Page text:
This edition and translation is based on a group of culinary recipes in a fifteenth-century manuscript written in Middle English, Corpus Christi College Oxford MS F 291. Hieatt collaborated with Sharon Butler, also now deceased, on the project of transcribing and editing the manuscript. Hieatt and Butler worked together on other medieval cookery editions and modern recipe adaptations, including Curye on Inglysch: English Culinary Manuscripts of the Fourteenth Century in 1985 and Pleyn Delit: Medieval Cookery for Modern Cooks, co-authored with Brenda Hosington in 1996. Hieatt and Butler initially encountered MS F 291 around 1980, but set the manuscript aside due to its difficult nature. The vocabulary, unusual instructions, and even some culinary preparations proved too challenging until Hieatt returned to the manuscript after decades of experience (22).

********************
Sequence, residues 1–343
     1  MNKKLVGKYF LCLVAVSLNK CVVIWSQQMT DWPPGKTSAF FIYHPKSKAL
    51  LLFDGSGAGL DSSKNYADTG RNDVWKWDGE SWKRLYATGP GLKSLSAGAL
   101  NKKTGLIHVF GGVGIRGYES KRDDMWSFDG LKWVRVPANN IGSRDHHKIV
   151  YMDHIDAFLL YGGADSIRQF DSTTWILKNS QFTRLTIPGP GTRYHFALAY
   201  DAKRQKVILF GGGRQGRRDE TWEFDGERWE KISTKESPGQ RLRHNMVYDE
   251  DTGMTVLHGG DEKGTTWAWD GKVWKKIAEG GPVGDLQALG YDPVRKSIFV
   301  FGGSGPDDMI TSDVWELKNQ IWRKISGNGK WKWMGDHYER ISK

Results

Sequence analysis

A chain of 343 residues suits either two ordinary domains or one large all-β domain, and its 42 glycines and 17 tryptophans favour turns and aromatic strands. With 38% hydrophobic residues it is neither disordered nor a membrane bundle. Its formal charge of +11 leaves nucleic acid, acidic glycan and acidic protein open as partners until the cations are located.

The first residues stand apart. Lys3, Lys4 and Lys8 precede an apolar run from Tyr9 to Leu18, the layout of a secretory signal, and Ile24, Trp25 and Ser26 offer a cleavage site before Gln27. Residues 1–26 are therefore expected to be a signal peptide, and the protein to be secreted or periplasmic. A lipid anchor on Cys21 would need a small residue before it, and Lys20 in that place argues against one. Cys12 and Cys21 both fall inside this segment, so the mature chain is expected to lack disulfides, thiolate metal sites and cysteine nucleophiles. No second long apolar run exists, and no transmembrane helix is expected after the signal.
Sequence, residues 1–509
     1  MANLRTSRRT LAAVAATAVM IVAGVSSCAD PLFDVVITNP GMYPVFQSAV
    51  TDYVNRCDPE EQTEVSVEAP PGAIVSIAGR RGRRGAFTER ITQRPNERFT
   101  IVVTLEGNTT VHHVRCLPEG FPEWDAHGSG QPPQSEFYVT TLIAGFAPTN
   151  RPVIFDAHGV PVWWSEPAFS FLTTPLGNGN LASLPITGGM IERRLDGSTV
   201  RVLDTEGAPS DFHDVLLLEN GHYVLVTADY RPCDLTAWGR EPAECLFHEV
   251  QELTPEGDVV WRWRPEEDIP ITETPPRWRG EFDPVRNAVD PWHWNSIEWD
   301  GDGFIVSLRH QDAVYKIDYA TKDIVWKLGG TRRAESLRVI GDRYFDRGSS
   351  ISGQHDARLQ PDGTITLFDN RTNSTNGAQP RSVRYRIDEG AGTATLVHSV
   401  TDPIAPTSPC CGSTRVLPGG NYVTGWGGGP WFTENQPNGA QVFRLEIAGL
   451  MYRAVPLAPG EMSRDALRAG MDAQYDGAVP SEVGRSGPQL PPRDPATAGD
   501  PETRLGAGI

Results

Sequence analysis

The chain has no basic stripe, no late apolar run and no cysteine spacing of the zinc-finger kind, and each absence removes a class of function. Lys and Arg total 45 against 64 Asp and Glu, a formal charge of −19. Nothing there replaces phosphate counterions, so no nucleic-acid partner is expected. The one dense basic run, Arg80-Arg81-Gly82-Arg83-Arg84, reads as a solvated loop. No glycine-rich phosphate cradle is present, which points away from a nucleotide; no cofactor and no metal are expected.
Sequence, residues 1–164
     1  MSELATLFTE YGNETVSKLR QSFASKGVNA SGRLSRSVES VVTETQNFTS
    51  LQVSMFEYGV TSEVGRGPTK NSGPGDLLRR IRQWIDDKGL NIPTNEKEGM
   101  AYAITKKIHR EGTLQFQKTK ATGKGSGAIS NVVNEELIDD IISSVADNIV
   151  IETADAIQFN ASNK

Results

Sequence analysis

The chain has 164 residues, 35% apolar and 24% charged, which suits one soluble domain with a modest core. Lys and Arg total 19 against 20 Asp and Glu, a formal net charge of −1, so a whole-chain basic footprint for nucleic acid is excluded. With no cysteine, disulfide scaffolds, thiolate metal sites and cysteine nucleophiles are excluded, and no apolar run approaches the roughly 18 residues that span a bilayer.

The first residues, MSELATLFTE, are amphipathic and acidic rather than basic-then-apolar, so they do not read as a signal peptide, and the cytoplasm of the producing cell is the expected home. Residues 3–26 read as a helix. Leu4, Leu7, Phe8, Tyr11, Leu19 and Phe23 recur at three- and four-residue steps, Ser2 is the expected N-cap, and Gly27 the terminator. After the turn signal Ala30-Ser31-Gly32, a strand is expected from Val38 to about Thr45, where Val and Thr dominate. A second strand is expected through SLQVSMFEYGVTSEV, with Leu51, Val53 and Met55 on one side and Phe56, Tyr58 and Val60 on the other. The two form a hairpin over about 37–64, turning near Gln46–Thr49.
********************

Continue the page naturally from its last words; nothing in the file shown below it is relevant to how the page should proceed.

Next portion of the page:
Cocatrice and Lampray Hay contains three main sections: an introduction; the text, translation, and commentary; and a supplement to Hieatt’s 2006 Concordance of English Recipes: Thirteenth through Fifteenth Centuries, co-authored with J. Terry Nutter and Johnna Holloway. The heart of Cocatrice and Lampray Hay, the cookery text, now consists of 99 recipes. The collection likely originally contained 101 recipes; Hieatt calculated this total by corroborating the actual recipes’ titles found on fols. 3r–68r with the table of contents on fols. 1v–2v and factoring in the number of recipes which could fit on one missing leaf. Cocatrice and Lampray Hay includes not only familiar medieval dishes, such as blancmange (63 and 122), Lenten eggs (84), and mawmene (121), but also more distinctive creations like “Cocatryce” (27) and “Lampron hay” (57). Following each recipe transcription, Hieatt provides a modern English translation and a commentary. The commentary is particularly valuable, containing literary and historical notes, as well as occasional suggestions for readers interested in preparing the recipes. Hieatt’s experience with hundreds of early cookeries over decades of research is most apparent in the commentary, as she draws connections to cooking practices, vocabulary, and recipe exemplars from a variety of medieval sources. For example, she contrasts a recipe for stuffed fish, “Macrel Farsed,” to the only other stuffed fish dishes she is aware of in Bodliean MS Ashmole 1393 (34). Hieatt also describes a cooking vessel specified in a capon dish, a ‘urinal,’ as the same type of glass vessel used by medieval physicians to examine urine (131).